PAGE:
• Red palm oil remains stable when used for cooking.

One of the most important things to consider when purchasing palm oil is to make sure it is cold-pressed and minimally refined. Conventional palm oil is highly processed and hydrogenated which oxidizes the fats.

Damaging the fats in this way increases peroxide formation (source). This negates the health benefits of palm oil and can actually cause inflammation in your body.

In contrast, WFN’s red palm oil is processed within hours of harvest to ensure freshness and quality second to none.

After the sustainable palm oil is harvested and pressed, the oil is left to rest where the saturated fat solidifies and falls to the bottom of the vat. The top liquid portion is decanted to remove the free fatty acids. As a result, this helps to extend the shelf-life of the oil and preserves the rich reddish-orange color and fat-soluble vitamins.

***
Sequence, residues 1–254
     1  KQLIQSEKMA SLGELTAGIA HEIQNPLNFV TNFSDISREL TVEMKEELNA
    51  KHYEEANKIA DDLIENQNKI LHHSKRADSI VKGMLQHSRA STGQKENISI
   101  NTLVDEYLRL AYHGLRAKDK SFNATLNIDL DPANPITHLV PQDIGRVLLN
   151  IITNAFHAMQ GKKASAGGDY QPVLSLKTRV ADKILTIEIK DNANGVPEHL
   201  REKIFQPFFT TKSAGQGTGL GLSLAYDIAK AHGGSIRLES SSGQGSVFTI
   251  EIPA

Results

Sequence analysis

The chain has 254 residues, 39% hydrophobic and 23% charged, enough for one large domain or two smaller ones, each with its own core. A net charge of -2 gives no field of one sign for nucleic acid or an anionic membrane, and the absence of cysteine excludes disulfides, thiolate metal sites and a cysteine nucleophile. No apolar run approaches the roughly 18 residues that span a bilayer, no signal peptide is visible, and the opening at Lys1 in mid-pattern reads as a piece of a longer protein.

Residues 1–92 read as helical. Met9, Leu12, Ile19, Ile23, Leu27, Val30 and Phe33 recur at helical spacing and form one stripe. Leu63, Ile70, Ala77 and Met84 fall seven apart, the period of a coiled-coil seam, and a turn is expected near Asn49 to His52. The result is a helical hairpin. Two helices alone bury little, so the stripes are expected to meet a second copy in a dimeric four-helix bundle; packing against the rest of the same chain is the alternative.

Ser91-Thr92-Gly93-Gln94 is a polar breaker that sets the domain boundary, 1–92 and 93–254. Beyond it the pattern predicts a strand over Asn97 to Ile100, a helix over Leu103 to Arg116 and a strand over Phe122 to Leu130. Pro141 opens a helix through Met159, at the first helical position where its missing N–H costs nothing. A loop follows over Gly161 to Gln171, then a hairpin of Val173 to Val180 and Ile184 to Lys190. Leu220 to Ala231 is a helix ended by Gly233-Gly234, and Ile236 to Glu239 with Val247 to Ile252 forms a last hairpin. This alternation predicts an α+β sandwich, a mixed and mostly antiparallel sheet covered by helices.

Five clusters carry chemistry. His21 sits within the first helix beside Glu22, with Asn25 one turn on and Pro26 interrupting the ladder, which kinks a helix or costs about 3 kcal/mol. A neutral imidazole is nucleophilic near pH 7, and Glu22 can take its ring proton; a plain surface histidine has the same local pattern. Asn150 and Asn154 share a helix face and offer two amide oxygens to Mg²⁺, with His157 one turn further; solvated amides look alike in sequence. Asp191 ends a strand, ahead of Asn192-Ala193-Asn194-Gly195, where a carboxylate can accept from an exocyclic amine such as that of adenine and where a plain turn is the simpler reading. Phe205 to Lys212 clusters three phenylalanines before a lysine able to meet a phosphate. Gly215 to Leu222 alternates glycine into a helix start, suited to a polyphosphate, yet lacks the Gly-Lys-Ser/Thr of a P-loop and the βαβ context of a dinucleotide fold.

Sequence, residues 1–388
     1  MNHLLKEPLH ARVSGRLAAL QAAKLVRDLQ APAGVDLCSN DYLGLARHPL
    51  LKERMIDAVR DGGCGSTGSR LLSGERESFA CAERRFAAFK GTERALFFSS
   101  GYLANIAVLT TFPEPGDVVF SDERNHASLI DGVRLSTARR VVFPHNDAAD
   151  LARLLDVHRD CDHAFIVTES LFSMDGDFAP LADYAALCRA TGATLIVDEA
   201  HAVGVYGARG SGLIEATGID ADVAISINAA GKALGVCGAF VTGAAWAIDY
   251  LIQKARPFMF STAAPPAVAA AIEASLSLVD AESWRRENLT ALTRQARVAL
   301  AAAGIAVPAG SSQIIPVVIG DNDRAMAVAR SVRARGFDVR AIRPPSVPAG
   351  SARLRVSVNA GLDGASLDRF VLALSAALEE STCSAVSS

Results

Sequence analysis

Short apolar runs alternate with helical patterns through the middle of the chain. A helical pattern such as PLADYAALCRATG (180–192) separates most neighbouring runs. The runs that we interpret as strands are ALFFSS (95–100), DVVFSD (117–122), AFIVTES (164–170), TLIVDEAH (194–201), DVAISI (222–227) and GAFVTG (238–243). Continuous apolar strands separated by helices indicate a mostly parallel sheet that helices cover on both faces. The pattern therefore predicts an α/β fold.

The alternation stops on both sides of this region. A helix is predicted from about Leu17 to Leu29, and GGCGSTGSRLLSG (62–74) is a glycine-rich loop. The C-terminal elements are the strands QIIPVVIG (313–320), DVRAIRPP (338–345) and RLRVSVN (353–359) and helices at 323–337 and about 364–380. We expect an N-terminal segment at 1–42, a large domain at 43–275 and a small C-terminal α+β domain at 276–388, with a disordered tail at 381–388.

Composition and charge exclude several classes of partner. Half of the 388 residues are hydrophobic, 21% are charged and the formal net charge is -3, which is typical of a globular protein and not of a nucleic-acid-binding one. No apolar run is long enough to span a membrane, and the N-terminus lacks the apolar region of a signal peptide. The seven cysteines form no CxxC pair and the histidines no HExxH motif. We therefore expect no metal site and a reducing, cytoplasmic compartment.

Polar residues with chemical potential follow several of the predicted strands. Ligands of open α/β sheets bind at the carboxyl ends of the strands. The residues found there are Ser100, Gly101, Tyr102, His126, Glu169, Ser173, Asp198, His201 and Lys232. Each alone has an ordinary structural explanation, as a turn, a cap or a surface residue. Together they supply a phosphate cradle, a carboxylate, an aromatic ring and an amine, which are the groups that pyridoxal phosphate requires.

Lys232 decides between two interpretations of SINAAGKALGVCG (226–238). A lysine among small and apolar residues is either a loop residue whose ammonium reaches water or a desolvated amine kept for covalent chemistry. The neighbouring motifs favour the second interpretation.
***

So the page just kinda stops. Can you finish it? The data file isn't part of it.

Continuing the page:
Additionally, it is not hydrogenated, nor processed with solvent such as hexane, and does not contain any trans-fatty acids. Furthermore, WFN’s red palm oil is high in oleic acid; a mono-unsaturated fatty acid also found in olive oil.

In addition to red palm oil as a standalone product, WFN also carries a blend of red palm oil and coconut oil. This Popcorn Oil is very much like a butter substitute, but without the hydrogenated oils. This product is probably misnamed (something WFN will rectify) because it is an excellent, and stable cooking oil. It also happens to be perfect for buttery yellow popcorn!

Did you know about the environmental impacts of palm oil production? Do you use palm oil? Have you found a source for sustainable palm oil?

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  • Emily Uebergang